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Rescuing the Selfie from Popular Portrayal in the Media


Derek Conrad Murray, Associate Professor of History of Art and Visual Culture (HAVC) at UC Santa Cruz, visited Davis last Tuesday, October 12th, to talk about the significance of the selfie. In his talk, entitled “The Self-Portrait in the Age of Social Media,” he argued that, despite popular portrayals, selfies aren’t inherently negative. That is, rather than revealing latent narcissism within the millennial generation, selfies instead represent a source of empowerment for marginalized peoples.

Murray began to consider the selfie as a subject for his academic research while teaching a course at UCSC. There he noticed how women in his class used self portraiture to express their sexuality and identities.

Simultaneously, he noticed how often women were ridiculed for taking selfies by others, typically men, who would describe them as being vain or self-absorbed.

With this in mind, Murray began to investigate the selfie through the lens of gender analysis. If there was a gendered aspect to the selfie, might that explain society’s backlash to it?

Murray explores this question by analyzing images featured in articles critiquing selfies and its impact on society. In nearly all cases, these images feature young women. Thus, Murray contends that the negative connotation surrounding selfies is a result of its propagation being tied to women.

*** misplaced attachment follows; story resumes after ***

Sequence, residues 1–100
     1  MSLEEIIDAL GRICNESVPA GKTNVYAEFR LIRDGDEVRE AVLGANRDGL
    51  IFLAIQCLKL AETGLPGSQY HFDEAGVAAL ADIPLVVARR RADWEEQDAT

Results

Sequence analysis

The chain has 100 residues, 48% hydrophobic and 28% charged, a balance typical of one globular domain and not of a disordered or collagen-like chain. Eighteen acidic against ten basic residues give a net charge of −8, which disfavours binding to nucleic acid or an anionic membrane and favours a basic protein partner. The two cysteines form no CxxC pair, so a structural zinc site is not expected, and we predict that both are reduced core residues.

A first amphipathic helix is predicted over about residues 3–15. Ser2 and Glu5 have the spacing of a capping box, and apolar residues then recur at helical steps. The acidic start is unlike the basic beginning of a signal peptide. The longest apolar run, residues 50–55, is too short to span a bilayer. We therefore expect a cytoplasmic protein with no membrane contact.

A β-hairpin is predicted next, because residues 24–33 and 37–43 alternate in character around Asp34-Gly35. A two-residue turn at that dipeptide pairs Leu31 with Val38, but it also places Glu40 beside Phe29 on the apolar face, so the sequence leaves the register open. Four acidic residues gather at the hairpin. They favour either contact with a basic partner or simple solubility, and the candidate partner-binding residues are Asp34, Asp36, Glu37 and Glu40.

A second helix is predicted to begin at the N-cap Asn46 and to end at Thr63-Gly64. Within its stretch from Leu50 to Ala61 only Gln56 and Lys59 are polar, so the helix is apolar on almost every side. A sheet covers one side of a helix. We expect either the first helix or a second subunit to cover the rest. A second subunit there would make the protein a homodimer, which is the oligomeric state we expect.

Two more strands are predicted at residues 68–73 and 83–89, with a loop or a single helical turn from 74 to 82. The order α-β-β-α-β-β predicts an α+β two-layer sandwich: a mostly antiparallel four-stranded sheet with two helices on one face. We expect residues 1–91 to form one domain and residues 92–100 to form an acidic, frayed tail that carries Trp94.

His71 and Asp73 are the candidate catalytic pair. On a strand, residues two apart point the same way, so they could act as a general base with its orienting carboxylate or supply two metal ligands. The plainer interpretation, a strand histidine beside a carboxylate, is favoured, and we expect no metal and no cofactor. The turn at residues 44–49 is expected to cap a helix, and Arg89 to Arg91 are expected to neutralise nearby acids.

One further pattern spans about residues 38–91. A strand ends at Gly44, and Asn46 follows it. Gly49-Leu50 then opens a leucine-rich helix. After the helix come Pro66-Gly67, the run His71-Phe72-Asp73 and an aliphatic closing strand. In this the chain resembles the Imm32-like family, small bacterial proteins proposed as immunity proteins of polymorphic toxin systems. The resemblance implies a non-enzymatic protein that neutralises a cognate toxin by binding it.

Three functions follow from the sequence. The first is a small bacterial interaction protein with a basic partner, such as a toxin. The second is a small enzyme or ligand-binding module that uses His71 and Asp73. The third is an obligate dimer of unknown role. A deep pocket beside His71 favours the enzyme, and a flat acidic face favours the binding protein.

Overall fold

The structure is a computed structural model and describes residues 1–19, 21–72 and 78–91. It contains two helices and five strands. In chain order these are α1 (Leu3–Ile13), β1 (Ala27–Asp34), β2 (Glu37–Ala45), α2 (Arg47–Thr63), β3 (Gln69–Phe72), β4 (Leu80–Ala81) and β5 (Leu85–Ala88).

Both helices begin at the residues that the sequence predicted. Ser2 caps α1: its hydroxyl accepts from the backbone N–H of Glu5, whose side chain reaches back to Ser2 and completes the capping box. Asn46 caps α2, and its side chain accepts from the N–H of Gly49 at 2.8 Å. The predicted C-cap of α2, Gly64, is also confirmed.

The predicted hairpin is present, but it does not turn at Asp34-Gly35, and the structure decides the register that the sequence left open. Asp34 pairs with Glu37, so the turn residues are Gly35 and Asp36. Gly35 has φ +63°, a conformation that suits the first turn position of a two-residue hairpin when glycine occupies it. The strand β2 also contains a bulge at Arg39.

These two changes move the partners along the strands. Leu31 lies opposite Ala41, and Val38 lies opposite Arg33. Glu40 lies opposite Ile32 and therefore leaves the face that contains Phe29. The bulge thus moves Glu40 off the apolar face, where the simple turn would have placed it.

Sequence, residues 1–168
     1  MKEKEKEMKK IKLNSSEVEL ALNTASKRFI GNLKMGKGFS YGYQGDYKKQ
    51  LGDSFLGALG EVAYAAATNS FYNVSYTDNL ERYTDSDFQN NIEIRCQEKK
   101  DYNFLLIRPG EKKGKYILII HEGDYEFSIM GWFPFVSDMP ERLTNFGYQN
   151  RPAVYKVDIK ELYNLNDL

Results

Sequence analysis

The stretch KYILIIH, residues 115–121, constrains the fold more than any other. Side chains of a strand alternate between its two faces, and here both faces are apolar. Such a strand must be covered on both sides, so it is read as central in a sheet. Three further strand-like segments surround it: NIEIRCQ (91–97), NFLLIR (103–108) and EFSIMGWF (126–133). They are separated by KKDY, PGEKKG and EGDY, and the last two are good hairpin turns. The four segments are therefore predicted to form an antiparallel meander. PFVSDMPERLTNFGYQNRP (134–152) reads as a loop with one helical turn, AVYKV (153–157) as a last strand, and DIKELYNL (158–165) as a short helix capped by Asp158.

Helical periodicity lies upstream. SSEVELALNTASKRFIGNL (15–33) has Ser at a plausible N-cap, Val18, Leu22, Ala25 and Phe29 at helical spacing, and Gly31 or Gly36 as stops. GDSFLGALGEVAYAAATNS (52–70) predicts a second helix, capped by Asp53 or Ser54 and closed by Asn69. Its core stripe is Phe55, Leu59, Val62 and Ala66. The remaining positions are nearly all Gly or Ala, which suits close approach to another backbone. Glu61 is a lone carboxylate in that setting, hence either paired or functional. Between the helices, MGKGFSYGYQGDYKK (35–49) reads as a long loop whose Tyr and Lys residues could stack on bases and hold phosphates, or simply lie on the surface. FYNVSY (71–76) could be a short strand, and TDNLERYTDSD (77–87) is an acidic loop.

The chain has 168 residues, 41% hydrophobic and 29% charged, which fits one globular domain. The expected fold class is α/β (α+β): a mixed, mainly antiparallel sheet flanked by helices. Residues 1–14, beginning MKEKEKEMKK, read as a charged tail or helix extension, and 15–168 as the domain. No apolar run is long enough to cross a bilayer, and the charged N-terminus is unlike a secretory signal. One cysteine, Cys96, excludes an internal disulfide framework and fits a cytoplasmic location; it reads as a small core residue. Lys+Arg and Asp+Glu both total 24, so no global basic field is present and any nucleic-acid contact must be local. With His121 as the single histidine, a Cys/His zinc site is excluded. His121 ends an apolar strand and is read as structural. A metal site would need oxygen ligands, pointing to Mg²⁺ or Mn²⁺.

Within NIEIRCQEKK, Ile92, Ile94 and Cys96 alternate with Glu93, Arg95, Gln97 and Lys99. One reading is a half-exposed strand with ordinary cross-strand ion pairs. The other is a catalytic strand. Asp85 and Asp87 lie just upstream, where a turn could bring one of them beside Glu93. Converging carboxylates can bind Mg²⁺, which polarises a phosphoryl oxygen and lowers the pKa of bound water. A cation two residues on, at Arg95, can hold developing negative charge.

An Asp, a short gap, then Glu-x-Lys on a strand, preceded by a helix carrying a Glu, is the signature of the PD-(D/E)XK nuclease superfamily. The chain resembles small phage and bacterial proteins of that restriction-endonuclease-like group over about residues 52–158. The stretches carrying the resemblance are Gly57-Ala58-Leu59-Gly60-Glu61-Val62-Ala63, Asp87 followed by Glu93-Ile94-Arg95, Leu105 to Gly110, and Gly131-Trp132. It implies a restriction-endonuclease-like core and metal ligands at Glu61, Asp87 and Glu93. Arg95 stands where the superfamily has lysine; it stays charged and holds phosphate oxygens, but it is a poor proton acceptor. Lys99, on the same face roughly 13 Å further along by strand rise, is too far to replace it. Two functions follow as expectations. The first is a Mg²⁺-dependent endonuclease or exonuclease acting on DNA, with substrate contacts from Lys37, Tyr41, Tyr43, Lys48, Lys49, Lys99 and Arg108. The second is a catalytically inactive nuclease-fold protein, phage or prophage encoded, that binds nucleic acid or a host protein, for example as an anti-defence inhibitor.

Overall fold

One instance of particularly egregious “selfie shaming” is evident in an article criticizing sorority girls for taking selfies at a baseball game. Murray notes how the male announcers of this nationally televised game berated these women for their apparent self-absorption, and how these criticisms were positively received by the majority of Americans.

Because women are usually the target of selfie criticism, Murray argues that the controversy over selfies has roots in a deeper societal struggle over evolving conceptions about gender. The critique that selfies are by nature narcissistic, for instance, is seen in a different light when considering how this reinforces historically negative stereotypes about women’s mental health.

Indeed, the charge of narcissism seems doubly suspicious when considering that many medical professionals doubt the “clinical veracity” of narcissism as a mental disorder. And yet even so, popular media websites continue to claim that selfies are indicative of mental disorder, often using suspect evidence to do so.  

For Murray, selfies have been “culturally coded” to be viewed in a negative manner, but only because they allow women, people of color, biracial people, and other marginalized communities to own their identity and find a place for themselves in the world and within their respective cultures.

In the end, the selfie isn’t about attention for attention’s sake, or for pleasing the male gaze. Neither is it something that instantly devalues the photographer. Instead, it’s about giving the photographer the ability to define themselves in a society that otherwise won’t give them that opportunity.

 

– Nicholas Garcia, DHI Graduate Student Researcher and doctoral student in the Department of History

 

This page was last updated: October 16, 2017

 

 

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